Sarah Palin was savaged by the Left and the MSM for her “death panels” comment. While her rhetoric was over the top, she was basically correct as this story indicates. Granted, this story occurred in the UK, but with Obamacare, it is coming to a medical care facility near you.

  7. EXCHIEF says:

    Denise has it exactly right. When government and its so-called health care systems are run by those who lack spiritual direction and who, day to day, play god in all they do, this is the only outcome to logically expect. It is all about man, all about comfort, all about convenience…for them. None of it is about God or the sanctity of life. Given today’s vote in the Senate as Brian Day said this type of obamination will be here in the USA shortly.

  8. Childermass says:

    Im not justifying this horrible story, but people seem to forget there are many terrible stories on this side of the pond. There already IS health care rationing going on in the US, and my grandmother was one of those left out because of her means- and she suffered and died prematurely. Perhaps sending the working poor to early deaths seems acceptable to some as long as we don’t get “socialized health care.” Not to me.

  9. Richard says:

    I am a physician who cares for a large number of elderly people and who, in the 1980s and early 90s cared for a large number of AIDS patients. For better or for worse, the Lord has put me in the position of having the opportunity to serve a lot of people at the end of their lives.

    I am in total agreement with all of the above statements regarding state sponsered euthanasia. And there is no questions that Dr. Emmanuel’s writings can be terrifying.

    However, there comes a time in everyone’s life when they are going to die. While that time is God’s decision, it is not unusual for the situation to be reached where continuing to treat with medications (for example, cancer chemotherapy or antibiotics) is clearly futile and when the mechanisms to deliver them (central intravnous catheters, nasogastric tubes etc.) cause more pain and discomfort than benefit. That is the original purpose of hospice – CARE at the end of life.I would agree that nutrition and hydration should not be withdrawn to hasten death. There are times, however, when continuing to try to provide them are more likely to cause pain and suffering than withholding them.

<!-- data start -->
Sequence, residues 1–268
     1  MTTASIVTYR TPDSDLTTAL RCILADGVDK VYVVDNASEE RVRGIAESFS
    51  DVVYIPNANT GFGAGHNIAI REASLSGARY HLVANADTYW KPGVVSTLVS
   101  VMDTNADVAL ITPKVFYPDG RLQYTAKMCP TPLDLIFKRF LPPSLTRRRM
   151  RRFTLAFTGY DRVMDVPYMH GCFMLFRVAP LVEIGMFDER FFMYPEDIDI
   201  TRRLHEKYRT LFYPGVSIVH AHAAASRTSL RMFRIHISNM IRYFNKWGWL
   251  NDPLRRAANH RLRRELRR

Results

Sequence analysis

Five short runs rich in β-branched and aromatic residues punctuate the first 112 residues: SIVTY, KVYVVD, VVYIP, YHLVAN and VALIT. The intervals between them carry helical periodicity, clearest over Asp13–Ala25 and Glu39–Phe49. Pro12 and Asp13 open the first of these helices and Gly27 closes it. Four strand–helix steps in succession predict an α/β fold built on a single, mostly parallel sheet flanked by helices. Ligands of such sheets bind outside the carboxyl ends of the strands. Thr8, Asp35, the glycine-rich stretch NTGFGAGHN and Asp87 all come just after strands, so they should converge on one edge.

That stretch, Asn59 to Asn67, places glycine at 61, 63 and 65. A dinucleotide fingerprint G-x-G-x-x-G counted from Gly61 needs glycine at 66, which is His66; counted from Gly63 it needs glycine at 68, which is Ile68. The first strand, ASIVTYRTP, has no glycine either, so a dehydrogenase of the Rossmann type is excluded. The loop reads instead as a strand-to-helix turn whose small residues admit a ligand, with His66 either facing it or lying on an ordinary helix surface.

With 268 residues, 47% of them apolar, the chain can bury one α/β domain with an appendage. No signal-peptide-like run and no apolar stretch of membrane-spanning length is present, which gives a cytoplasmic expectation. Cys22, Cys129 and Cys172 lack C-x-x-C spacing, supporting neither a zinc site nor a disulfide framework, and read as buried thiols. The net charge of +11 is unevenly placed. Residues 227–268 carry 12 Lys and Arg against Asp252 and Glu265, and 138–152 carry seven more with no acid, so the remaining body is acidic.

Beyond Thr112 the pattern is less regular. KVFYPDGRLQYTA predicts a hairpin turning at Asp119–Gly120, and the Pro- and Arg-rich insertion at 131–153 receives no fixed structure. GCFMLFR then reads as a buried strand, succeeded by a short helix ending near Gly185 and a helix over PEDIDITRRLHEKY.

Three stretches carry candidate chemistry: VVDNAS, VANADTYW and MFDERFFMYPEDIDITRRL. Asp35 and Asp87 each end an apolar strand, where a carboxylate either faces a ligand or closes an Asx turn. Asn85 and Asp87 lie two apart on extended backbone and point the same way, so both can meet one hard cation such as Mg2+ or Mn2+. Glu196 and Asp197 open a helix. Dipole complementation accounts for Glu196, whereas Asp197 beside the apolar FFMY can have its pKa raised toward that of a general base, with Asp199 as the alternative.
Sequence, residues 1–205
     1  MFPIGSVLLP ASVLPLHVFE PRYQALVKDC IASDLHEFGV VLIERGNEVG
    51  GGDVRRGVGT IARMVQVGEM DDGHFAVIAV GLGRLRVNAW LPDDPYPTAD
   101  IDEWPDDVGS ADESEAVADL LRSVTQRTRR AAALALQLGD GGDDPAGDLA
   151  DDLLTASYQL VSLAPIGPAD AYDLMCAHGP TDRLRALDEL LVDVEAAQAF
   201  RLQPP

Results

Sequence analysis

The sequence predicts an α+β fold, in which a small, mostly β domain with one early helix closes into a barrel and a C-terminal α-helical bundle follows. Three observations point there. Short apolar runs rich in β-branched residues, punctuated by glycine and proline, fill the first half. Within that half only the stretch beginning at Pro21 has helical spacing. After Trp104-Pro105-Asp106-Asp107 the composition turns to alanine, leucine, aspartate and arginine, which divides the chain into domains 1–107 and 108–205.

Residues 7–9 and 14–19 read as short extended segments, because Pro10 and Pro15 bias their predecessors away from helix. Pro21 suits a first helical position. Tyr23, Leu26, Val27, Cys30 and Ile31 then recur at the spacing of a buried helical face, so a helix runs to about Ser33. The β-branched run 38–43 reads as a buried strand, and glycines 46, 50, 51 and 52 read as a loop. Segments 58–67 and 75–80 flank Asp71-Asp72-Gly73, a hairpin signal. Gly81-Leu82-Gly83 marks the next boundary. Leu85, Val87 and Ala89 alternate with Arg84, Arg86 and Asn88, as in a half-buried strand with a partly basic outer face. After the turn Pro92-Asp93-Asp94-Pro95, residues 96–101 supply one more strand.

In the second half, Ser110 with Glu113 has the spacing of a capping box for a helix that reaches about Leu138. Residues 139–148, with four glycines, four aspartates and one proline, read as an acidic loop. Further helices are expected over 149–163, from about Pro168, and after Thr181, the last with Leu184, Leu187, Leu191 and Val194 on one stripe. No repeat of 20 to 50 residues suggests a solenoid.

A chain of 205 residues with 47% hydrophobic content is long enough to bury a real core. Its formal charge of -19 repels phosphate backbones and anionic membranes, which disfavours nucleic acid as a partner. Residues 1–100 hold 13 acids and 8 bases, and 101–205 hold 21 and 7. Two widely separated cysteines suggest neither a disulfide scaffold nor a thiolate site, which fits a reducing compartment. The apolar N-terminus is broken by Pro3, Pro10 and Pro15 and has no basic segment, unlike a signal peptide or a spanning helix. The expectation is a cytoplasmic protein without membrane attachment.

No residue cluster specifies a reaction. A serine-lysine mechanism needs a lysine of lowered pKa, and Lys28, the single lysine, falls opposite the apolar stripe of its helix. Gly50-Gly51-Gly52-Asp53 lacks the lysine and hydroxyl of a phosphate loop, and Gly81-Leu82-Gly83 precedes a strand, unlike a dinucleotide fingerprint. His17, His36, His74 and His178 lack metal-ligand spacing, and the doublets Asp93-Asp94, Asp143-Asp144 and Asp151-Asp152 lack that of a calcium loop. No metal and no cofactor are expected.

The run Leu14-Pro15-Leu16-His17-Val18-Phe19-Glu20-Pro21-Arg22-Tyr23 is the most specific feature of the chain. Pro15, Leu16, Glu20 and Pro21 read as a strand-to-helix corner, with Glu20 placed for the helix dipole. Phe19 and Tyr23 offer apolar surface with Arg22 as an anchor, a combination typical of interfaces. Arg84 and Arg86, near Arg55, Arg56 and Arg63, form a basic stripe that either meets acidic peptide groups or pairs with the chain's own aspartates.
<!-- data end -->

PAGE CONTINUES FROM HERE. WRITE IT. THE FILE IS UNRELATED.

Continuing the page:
The best decision making occurs when the patient made his/her wishes known while they still could, the family understands the patient’s wishes, the physican has provided accurate prognostic information, and adequate spiritural and physical support is available to the patient and the family.

    For me, at least, providing care at the end of life is one of the hardest and most rewarding parts of my practice

  10. Denise says:

    I too am a physician. I have also completed extensive training in Catholic bioethics and teach classes on end of life care. There are a couple of principles to keep in mind when discussing end of life care. The first is that one must distinguish between ordinary or proportionate care and extraordinary or disproportionate care. This decision is made from the perspective of the patient(or the patient’s surrogate) in consultation with his health care providers. A given therapy can be judged too burdensome in light of the level of benefit it provides. That therapy can then be deemed extraordinary care and discontinued. This is done on a case by case basis. On the other hand, no life can be judged too burdensome. It is erroneous to conclude that someone would be better off dead because their life is a burden. A more detailed discussion is here.

  11. moon1234 says:

    Suffering can be a great means of purification for the soul. Artifically inducing suffering however is a mortification of the body and is never allowed. We should always look to provide for the body’s needs while it is alive. The church teaches that our bodies are temples of the holy spirit. We should always think about taking the best care of it possible. If drugs or procedures will prolong life, but as a side effect MAY produce some suffering, then as Catholics, we should accept that suffering as a grace sent by God. Suffering is our means to attone for our sins and those of others. It is the means through which God gives us the ability to perfect our love for him.